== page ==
Nina Gaby

Essays, art, and healthcare


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Original title: I’ll Give You Something to Cry About

https://roarfeminist.org/2017/05/11/still-training-for-the-end-of-the-world/

In honor of Hillary Clinton’s book which comes out today, which I prefer to call “What the Fuck Happened,” which has already garnered tons of hysterical misogyny and controversy (even though it’s just out)…I am reposting a piece I published on ‘ROAR: Literature and Revolution by Feminist People’ last May.

We changed the title to “Still Training for the End of the World.” Although in retrospect, the original title feels so right, you know when you look back and think, wow, what was I bitching about then?????

Sometimes I like to stand in the very spot where I conceived of this piece back in 2016. And while the husband still sits in his same comfy chair, the TV has a very different message. And I am pissed. I am pissed that Bernie Sanders did not shut up and pivot quickly enough to help avert this disaster. I am disgusted with the so-called “Green” and “Libertarian” party egos who did not have enough sense, among other things, to step down and say, hey lets get behind her before something awful happens. 

Something awful happened. And I’m still screaming.

roarfeminist.org   (donate!)

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The Most Horrible Person in the World Goes to a Writer’s Conference

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My coffee this morning is in the “Write Like a Motherfucker” mug that my friend that I’m jealous of got me from the last writer’s conference we went to, before this one. It was a gift and she gave me a gift because she did not know yet what a horrible person I am. I either write like a motherfucker or not at all. Because we are all going to die. But I am getting ahead of myself.

I will spend this morning writing for my blog that nobody reads. See where this is going?

I have been having a small, personal festival over the past week. A pity party we might call it at work. I work with addicts and we toss around phrases like that all the time. Usually I hate them, the phrases that is, I love the addicts. They are my tribe and I can help them with my expertise, my script pad, my humor, my success stories. I am at least competent there. I teach them Cognitive Behavioral Therapy, “CBT”. And like the Paul Simon song “Rewrite” or the Vivian Gornick book about situations and stories, just change your story line, man, and you’ll feel just fine. How’s that going for you, I ask myself. Not so hot, I answer, as the list of complaints against the self rolls merrily along.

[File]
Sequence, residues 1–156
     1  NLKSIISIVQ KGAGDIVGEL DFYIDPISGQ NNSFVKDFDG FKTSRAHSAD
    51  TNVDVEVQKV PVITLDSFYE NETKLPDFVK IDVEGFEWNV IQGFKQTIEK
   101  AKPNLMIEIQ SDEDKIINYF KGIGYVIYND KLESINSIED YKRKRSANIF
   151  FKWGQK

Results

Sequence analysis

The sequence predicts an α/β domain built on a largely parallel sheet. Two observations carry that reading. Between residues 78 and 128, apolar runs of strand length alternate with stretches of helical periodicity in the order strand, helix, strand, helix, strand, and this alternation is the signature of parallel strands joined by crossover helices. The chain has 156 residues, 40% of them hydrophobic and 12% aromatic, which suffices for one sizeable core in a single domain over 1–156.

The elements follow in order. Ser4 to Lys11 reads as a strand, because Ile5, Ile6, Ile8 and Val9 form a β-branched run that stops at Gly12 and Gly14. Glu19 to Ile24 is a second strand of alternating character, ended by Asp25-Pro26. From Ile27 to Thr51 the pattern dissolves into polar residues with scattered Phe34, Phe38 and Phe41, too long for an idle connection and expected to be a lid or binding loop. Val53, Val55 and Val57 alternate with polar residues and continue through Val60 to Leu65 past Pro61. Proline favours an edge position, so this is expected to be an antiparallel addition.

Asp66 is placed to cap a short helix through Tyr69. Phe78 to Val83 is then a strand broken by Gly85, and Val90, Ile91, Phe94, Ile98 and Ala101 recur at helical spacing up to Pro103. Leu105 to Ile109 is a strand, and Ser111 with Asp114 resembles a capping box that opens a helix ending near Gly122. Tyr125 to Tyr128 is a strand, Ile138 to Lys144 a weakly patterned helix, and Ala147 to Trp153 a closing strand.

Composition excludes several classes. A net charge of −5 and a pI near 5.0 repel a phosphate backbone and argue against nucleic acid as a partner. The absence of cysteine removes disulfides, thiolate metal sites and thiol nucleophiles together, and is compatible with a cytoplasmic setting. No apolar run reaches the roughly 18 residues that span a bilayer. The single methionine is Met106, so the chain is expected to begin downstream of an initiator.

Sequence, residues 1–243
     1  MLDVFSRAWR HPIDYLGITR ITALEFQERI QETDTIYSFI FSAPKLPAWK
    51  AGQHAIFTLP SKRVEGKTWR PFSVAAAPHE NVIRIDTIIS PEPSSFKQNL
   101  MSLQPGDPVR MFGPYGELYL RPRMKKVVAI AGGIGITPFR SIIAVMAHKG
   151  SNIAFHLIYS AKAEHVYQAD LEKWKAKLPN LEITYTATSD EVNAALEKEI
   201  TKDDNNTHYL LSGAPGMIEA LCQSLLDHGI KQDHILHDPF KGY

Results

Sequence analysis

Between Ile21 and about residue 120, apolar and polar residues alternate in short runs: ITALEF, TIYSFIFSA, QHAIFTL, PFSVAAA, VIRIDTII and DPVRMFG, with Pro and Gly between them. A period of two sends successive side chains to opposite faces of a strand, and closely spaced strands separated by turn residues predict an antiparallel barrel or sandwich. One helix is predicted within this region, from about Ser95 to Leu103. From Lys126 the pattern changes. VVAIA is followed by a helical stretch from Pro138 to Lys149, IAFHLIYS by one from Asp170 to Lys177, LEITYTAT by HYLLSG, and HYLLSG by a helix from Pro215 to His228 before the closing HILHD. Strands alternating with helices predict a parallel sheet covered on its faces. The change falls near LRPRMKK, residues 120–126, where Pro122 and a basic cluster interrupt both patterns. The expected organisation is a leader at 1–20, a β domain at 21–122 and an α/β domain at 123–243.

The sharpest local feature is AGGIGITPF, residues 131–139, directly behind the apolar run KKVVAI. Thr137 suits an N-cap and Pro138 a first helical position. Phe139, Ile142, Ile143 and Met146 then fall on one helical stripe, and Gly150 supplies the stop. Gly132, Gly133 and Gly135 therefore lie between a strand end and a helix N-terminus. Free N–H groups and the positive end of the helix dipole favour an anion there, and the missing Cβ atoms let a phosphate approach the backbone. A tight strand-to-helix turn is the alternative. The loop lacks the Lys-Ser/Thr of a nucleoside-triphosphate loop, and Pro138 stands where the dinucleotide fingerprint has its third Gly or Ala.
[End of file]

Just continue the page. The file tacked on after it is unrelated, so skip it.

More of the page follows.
“You self actualized too early,” a old boyfriend cited Maslow to me in 1975. He looked just like Woody Allen, I swear, which was pretty cool back then. “It’s a set up.” I didn’t know any better, and my first career as a clay artist came easy, every gallery I approached wanted my stuff, I sold every piece I made, they clamored for more, and I ended up with vases in the permanent collection of American Craft at the Smithsonian. Then I went to a hotshot university for a nursing degree, won awards, got a free Master’s Degree, great jobs doing good work, and as much as I complain now, “poor me I did 45 hours of work in three days…” well that means I get four days off to write! It’s not that I didn’t learn my craft (one morning I threw 500 one-handed bowls, Japanese style, on the potters wheel and would not let myself keep a single one, I suffered harshly through Organic chemistry and worse through Research methods) but at least I was in charge of where it was all going. Even my sobriety came easy. I just stopped drinking. Yeah the withdrawals could have been life-threatening, but I didn’t know it then. I even cold-turkeyed cigarettes after smoking a pack a day of Marlboros since the age of 13. I am a lucky girl. One might say determined. Yes, that too.